I’ve been taking pictures of my children well before I received my first HDSLR camera. I have hundreds of photos on various phones I’ve had over the years uploaded to Google Drive or the myriad other online storage websites. There is a special joy I get out of not only photographing my children, but children in general.
I have not been doing professional photography for very long, but I have come up with a few tips for those who want to get the best stock images possible when photographing young children.
- Don’t drive yourself crazy trying to get them to pose just so. The spontaneity of a child can make all the difference in a photograph
- Patience. Because.
- Try to use the ‘Rule of Thirds’. (Picture the image being divided into nine equal parts by two evenly spaced horizontal and vertical lines and make sure that the subject is placed along the lines or the intersections.)
- These seems to be a given, but make sure the child is in a good mood (unless you want to photograph a sour-faced toddler—which can be cool too! I’ve done it)
- If you’re photographing a particularly bashful child, I find that simply talking to them and letting them touch and see the camera and showing them their picture after each shot goes a long way to instilling confidence in them.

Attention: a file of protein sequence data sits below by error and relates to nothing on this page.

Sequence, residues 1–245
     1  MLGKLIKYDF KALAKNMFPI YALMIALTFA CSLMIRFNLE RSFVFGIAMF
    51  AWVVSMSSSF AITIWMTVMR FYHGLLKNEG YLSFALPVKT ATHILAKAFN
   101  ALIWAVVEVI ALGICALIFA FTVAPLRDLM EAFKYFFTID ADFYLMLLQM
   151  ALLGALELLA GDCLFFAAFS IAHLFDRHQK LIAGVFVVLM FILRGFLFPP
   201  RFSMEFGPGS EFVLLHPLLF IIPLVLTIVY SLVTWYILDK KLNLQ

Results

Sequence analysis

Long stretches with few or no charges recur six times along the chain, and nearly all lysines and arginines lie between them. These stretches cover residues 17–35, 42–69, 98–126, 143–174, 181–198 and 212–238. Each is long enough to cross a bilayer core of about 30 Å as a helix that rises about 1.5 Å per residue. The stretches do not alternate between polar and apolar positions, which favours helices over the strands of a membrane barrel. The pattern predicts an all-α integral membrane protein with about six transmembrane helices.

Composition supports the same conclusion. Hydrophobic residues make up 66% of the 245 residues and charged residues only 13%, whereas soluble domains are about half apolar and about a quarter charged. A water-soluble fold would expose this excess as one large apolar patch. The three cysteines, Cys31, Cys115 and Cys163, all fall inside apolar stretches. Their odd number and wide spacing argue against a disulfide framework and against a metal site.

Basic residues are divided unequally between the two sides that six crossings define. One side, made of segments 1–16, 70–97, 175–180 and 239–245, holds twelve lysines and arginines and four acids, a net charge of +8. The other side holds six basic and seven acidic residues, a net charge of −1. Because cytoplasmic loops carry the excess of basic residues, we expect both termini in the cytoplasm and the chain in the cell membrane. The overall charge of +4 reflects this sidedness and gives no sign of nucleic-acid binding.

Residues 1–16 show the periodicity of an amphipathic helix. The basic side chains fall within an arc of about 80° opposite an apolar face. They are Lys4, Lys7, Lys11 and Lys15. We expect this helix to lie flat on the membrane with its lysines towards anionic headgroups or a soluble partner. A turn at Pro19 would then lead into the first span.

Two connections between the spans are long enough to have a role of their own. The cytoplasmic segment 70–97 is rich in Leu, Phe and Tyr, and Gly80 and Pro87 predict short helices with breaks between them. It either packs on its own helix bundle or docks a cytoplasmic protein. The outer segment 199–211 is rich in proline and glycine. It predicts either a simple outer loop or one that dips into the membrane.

- Each child is unique and they shine in their own special way–find that and make it work for you.
- Have fun!
Whenever I photograph children I tell them to go crazy! Jump, throw leaves, laugh, fall—whatever their little heart desires. My youngest daughter tends to be a little shy and I get the best photos of her when she isn’t aware that I am photographing her. There is one in particular that I took on my camera phone of her wearing too-big glasses and reading an apartment-hunting circular. My oldest daughter is very out-going and she is literally the happiest person that I know. I never met a kid so thrilled to be alive as she is.
I love photographing children. They are unguarded, unpretentious and utterly spontaneous. These qualities shine through the photograph! I was asked before, if I would go into portrait photography for children and that is a question I can’t answer right now. I love capturing a picture that I probably could not replicate on command. If I could make a living from simply photographing children being children—crying, laughing, playing, sleeping and eating without the need to pose them, I’d be a very happy photographer indeed.